Functional incontinence occurs when some obstacle or
disability makes it hard for you to reach or use a toilet in time to
urinate. It is often caused by:
A problem with walking (such as needing a walker
or crutches) that prevents you from reaching a toilet in time to
A medical condition (such as
arthritis) that makes it hard for you to remove
clothing before urinating.
A problem with reasoning (such as
dementia) that keeps you from realizing that urination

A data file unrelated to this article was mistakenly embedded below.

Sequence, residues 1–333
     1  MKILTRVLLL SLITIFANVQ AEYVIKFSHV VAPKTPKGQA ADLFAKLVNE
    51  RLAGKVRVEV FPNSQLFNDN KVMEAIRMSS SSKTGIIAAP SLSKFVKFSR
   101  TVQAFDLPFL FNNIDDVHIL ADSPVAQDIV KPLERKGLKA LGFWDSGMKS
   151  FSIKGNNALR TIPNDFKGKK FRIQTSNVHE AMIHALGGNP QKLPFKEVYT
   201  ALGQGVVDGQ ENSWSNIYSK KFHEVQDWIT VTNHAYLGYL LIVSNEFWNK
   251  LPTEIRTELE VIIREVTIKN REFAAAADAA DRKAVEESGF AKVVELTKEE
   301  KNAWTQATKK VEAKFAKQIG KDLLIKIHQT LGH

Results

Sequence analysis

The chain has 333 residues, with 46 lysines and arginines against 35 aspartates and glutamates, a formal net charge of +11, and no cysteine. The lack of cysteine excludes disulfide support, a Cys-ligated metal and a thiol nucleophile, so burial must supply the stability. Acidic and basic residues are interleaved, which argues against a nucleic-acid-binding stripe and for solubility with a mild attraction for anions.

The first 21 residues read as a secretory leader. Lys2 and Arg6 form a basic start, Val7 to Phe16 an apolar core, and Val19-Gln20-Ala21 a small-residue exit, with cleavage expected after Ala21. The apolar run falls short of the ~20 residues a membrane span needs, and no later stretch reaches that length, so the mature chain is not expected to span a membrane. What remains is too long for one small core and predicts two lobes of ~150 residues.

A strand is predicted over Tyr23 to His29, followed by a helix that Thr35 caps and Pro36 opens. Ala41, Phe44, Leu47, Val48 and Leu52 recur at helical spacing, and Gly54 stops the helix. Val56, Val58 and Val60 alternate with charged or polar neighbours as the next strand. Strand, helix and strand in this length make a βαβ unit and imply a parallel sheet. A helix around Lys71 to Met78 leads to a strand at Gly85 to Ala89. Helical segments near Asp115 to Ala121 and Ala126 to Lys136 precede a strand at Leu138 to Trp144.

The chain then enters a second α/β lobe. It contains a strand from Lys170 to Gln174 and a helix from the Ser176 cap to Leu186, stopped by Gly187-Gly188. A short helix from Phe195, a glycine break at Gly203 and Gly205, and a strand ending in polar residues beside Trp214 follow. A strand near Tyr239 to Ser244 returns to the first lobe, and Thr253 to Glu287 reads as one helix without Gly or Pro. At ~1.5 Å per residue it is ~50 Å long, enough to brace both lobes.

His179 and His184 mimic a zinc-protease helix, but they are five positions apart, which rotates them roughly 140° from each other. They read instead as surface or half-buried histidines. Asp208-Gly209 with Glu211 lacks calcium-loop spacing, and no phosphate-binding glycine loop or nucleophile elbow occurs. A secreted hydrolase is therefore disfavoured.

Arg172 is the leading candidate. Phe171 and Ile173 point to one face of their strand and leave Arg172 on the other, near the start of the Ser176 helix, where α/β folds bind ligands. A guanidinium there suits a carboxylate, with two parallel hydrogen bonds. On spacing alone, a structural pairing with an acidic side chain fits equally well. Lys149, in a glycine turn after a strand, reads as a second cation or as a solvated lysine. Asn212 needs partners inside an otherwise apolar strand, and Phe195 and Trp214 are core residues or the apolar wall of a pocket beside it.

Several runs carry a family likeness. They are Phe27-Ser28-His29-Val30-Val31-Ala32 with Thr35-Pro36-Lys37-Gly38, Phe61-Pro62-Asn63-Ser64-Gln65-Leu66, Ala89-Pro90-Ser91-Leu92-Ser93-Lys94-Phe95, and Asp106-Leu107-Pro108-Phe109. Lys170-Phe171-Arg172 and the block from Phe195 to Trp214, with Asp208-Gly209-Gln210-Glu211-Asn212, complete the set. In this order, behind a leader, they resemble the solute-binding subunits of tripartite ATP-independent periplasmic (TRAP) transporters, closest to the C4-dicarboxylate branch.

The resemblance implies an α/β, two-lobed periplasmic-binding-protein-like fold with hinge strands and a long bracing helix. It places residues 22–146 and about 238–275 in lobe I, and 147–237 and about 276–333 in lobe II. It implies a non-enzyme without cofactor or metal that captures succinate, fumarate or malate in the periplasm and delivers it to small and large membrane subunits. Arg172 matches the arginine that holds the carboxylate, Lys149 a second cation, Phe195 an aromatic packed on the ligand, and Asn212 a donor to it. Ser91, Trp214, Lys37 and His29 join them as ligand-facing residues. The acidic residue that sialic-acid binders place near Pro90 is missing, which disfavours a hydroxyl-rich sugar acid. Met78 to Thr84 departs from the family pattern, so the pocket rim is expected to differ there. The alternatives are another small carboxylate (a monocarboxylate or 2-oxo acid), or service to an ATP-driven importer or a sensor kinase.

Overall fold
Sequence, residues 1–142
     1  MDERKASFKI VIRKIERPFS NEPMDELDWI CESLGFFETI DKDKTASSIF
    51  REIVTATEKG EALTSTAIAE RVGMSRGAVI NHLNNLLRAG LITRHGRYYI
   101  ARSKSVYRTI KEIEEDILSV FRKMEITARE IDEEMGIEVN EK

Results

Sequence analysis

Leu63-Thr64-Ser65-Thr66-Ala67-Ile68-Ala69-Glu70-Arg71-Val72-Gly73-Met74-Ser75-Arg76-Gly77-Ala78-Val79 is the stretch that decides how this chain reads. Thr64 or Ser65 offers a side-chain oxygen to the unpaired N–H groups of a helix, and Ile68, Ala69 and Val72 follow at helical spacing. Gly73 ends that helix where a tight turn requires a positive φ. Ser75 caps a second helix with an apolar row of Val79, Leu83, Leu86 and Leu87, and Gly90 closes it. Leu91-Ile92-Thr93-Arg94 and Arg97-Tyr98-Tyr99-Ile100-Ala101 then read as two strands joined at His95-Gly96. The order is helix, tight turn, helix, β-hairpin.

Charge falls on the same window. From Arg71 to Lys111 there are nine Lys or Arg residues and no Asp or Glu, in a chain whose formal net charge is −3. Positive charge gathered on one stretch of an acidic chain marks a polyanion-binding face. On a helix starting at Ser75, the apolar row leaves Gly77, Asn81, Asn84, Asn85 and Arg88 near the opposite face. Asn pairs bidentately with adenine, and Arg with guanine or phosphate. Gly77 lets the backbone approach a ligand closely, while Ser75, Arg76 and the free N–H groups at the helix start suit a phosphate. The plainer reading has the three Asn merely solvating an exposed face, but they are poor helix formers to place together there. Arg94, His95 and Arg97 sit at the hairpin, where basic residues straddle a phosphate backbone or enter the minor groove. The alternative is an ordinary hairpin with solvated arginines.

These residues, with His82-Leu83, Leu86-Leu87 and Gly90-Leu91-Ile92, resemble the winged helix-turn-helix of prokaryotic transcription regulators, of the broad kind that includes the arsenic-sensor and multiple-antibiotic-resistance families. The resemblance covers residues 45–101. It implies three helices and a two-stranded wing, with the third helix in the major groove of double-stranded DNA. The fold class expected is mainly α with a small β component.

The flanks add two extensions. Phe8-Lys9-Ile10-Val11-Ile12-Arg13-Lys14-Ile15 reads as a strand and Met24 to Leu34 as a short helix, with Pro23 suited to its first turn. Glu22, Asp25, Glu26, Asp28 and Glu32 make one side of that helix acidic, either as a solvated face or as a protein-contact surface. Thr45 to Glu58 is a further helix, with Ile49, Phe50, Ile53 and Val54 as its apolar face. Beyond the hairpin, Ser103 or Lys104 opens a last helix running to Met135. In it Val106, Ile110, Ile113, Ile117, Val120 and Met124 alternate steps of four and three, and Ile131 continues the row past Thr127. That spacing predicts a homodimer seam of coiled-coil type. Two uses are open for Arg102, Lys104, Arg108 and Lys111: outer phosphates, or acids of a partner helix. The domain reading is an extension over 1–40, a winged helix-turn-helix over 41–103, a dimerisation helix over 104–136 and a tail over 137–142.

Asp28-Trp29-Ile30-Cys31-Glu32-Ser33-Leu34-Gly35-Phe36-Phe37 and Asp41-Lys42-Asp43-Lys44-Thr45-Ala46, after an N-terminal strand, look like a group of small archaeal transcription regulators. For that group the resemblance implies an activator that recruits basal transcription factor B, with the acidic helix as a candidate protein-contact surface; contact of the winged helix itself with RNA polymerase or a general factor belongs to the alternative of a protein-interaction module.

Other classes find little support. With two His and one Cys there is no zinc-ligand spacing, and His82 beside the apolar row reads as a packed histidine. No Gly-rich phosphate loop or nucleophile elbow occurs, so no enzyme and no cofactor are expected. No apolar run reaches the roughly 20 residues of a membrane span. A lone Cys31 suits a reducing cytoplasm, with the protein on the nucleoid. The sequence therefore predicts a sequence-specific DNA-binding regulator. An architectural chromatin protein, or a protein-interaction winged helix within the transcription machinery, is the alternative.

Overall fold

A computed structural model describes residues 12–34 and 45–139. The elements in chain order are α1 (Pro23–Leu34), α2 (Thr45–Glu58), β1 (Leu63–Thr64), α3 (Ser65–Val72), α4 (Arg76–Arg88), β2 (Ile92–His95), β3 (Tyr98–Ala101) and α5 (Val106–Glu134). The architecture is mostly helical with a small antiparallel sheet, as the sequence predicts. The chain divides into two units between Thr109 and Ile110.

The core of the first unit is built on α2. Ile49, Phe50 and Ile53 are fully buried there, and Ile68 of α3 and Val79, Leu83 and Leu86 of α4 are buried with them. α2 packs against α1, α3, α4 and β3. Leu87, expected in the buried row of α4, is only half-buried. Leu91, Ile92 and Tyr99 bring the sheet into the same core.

is necessary or from locating a bathroom.
Functional incontinence is treated by
behavioral methods that teach you to urinate on a
timed voiding schedule and by modifying your environment so you can get to and
use the toilet more quickly. This may involve moving furniture, making
clothes easier to remove, or making other changes.
Medicines aren't used to treat functional incontinence.
absorbent pads or disposable underwear are usually used when other methods of treating
incontinence have failed or cannot be used. Men may also use an incontinence clamp or a pressure cuff. Women may also use a urethral insert or an external urethral barrier.
These methods don't treat the
incontinence, but they may make it possible to manage the problem.
How this information was developed to help you make better health decisions.